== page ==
]. Fords.
k. Special features, such as a canal which passes over a bridge or through a tunnel. 1. Port and transshipment facilities (par. 95). m. Ships, boats including towboats, and barges which operate regularly on the waterway. If detailed data are needed, Transportation Corps cooperation may be desirable. n. Floating plant (including dredges), and other heavy machinery, yards, construction materials, and the like, which are available for maintaining and improving the channel and its navigation structures and installations. Indicate available dumping areas for dredged material. State the availability of trained and dependable personnel. o. Physical condition of the. above installations and apparatus. p. Data needed for any major repairs or improvements. q. Vulnerability to nuclear weapons. r. Safety and security features. 93. Pipelines The following information should be furnished on pipelines: a. Name if any; material transported. b. Terminal, route, and length of line and of sections. c. Number and diameter of pipes; delivery capacity of system, at present and under normal conditions, in gallons or barrels (or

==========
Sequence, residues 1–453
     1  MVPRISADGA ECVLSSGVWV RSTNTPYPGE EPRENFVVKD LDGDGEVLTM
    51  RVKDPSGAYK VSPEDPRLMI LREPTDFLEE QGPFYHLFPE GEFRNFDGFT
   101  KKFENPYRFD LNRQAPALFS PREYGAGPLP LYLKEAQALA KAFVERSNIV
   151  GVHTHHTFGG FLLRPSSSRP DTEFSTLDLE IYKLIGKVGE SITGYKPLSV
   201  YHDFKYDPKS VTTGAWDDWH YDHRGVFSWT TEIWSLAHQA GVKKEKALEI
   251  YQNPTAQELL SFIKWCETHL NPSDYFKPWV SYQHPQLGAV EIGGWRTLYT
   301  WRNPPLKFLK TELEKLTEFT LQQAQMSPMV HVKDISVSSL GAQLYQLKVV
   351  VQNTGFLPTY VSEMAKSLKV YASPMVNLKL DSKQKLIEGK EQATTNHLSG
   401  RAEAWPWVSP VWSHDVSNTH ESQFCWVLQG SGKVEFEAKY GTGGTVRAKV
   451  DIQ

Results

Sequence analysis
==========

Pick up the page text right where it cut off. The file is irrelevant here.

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for gas, thousands of cubic feet) per day; and content of pipeline when full. d. Facilities at receiving end. If this is a port and if reception is from tanker or tank barge, give data on connections from ship to shore (wharf if any, flexible connections, and method of hooking up and disconnecting). e. Storage at receiving end and along pipeline. This should include location, nature, and capacity of individual storage units, and total storage at each location. f. Critical points, such as swamps and defiles, along the pipeline. g. Types of support and connections along the pipeline. h. Pumping stations: location, capacity, and detailed data on equipment. i. Vulnerability to nuclear weapons. j. Administrative, maintenance, and repair facilities, including shops. k. Security and safety features. 1. Physical condition of the above installations and apparatus. m. Data needed for any major repairs or improvements. n. Availability of trained and trustworthy personnel. 94. Airfields The following information should be furnished on airfields (part 4, TM 5-250): a. Location, and name if any. b. Category: emergency landing strip, refueling and rearming strip, advanced landing ground, fighter field, bomber field, photoreconnaissance field, troop-carrier field, supply and evacuation field, headquarters field, or occupational field (alternatively: forward cargo, forward tactical, medium bomber, or heavy bomber). In addition to the above, there are air bases and air depots, not normally installed by our forces in a theater, and airstrips for -liaison aircraft. A foreign airfield may not fit precisely into any of these USAF categories. c. Standards: (1) Operational standard (full operational, minimum operational, or emergency). (2) Housing and administrative standard (permanent, temporary, intermediate, or field). d. Flightway: (1) Runways: orientation, dimensions, angle of axis to pre76 AGO 5561B